If you’ve been let down by your wish results after blowing out birthday candles or tossing a penny in a fountain, you still have some options left for winning that lottery jackpot. Somewhere up in Canada a while back, the tradition of leaving one’s shoes up in a tree after making a wish became a popular practice. It didn’t take too long for the tradition to make it’s way south of the water into New York.
Lyndonville is a small town in Orleans County that snuggles the south shore of Lake Ontario. A relatively new addition to the state, it was founded in 1903 and named for the original settlers’ home back in Lyndon, Vermont. Today, the population hovers just under 1,000 people, which is probably less than the number of shoes in a collection of trees a few miles north of the village.
Back in the fall of 1986, Diane Bane had caught wind of the shoe throwing thing while watching a tv show about Canada. Thinking it would be cool to have something similar here in New York, she cleaned out a closet and convinced her boyfriend at the time to find them a tree where they could unload a few of the shoes she was prepared to part with. Apparently after they tossed nine of her own pairs, Bane went around to locals in the neighborhood asking if they would donate any shoes so she could toss them up in the tree as well.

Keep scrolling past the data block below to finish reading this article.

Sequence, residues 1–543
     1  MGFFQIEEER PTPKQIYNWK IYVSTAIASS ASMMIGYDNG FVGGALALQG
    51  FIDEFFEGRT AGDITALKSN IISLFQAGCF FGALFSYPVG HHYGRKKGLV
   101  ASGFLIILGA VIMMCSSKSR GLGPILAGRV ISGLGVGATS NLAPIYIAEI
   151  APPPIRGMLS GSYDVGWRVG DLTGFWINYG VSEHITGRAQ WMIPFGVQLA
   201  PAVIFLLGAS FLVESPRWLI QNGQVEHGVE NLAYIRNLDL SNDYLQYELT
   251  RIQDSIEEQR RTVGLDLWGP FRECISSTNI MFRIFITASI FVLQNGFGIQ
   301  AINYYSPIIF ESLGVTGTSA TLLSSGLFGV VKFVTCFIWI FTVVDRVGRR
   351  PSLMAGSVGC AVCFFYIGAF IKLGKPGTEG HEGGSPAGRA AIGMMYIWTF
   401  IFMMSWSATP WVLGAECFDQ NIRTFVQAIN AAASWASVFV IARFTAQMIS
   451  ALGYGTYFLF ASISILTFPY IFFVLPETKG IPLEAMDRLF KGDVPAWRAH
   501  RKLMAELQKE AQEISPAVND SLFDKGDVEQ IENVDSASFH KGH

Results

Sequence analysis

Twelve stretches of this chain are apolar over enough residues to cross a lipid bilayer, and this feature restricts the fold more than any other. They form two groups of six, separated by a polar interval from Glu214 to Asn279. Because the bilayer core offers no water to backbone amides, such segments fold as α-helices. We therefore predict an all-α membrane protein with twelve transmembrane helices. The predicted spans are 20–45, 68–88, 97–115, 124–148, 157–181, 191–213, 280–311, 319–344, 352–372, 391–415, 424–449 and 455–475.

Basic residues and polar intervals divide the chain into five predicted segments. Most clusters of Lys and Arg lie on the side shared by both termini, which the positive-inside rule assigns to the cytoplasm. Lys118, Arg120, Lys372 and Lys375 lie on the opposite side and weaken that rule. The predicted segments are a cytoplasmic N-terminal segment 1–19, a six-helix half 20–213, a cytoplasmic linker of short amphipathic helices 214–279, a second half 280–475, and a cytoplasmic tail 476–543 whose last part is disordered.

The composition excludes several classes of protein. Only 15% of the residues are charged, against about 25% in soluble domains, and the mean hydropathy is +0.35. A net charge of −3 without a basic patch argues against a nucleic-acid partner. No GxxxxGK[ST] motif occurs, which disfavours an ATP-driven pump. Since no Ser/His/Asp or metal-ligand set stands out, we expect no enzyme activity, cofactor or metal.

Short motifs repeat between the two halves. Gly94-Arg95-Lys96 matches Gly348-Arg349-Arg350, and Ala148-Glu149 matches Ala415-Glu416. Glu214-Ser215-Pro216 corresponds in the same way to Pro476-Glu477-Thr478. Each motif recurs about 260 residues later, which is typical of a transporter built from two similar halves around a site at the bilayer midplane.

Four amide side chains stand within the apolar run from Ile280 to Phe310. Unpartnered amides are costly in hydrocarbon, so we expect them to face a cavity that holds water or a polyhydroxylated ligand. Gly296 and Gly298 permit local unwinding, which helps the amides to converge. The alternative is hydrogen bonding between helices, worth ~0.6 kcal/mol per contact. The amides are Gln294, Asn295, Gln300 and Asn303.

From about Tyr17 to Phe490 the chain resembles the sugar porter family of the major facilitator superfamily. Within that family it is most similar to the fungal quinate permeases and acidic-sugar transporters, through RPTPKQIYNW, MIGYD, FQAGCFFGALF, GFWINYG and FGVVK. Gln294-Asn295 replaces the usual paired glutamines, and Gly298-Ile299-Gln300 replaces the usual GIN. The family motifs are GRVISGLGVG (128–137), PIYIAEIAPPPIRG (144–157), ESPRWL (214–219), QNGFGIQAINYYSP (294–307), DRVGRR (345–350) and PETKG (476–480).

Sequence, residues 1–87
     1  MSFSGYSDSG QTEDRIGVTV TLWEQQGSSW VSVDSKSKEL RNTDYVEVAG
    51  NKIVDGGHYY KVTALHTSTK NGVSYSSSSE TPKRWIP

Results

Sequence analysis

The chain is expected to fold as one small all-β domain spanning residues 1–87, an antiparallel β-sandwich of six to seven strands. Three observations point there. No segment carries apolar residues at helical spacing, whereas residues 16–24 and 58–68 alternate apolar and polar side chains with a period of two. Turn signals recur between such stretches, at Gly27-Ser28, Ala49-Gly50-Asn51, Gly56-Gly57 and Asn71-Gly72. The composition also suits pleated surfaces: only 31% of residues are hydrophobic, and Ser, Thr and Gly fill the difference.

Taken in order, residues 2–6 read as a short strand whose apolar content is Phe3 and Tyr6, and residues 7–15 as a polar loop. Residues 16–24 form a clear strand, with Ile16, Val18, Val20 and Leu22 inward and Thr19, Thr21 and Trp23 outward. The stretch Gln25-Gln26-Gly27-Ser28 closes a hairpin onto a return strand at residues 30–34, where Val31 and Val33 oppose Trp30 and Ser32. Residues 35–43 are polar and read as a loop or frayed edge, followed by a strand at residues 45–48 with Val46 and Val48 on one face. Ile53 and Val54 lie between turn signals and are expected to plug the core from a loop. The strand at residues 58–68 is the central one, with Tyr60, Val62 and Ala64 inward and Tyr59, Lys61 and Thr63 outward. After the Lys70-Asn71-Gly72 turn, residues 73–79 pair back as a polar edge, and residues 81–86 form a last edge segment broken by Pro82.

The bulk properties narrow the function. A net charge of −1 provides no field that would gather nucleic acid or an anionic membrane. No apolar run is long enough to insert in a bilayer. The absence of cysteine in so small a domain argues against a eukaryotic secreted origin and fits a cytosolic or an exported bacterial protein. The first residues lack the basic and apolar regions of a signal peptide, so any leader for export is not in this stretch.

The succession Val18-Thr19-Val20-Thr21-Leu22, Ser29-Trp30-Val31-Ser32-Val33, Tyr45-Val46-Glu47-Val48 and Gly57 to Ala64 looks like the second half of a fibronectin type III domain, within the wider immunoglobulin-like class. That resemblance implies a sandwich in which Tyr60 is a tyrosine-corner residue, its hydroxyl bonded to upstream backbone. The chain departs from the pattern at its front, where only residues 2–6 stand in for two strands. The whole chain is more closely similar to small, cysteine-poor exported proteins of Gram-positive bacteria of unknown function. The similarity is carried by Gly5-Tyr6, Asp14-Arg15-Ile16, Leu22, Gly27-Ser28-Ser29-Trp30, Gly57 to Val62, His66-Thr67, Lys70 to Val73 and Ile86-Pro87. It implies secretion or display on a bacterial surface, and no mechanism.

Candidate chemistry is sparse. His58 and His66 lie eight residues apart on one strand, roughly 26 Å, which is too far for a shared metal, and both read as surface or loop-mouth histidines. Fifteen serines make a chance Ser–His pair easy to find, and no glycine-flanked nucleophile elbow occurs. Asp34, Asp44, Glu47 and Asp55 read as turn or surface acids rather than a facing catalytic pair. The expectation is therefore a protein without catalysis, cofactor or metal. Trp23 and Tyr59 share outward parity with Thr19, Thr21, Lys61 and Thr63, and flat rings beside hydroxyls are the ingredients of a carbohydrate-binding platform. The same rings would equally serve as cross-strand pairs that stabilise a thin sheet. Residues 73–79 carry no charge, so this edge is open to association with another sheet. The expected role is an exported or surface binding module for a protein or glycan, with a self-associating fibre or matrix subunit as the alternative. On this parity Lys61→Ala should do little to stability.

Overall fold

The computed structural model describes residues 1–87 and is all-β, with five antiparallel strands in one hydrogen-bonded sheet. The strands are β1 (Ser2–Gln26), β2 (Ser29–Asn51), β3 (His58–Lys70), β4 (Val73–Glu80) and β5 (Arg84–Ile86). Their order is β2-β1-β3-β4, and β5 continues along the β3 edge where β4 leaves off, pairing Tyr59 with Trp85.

The story of the origin of the shoes remained a bit of a mystery for a while because a local conservation officer didn’t find the prank very amusing. Apparently he vowed to arrest whomever started the tradition and charge them with littering, but after a few years of the trees collecting more and more footwear, Lyndonville as a whole started to embrace the idea of leaving it and even celebrating it.
Regardless of the original intention, local lore suggests that all you have to do is tie the laces of your shoes together, make a wish, and toss them up. If they catch a branch, your wish will come true.
Today, the four trees located in a patch of lawn where Foss Road meets Lake Shore Road have possibly more shoes than they do leaves. Boots, running sneakers, Converse and casuals all hang from the branches while shoes that don’t have laces end up nailed to the trunks. Though, I’m not sure if wishes come true by nailing shoes, or if that has just become more of a rural art installation of sorts.
If you want to become part of an Upstate New York landmark, the Shoe Trees of Lyndonville is an instantly fun way to make it happen. While I have added a pair on two different occasions, my wish was only that you would find this blog post and be inspired to go explore yourself! If you still have more shoes and wishes, it’s a bit of a drive, but East Amherst also has a single shoe tree by the side of a road in someone’s yard.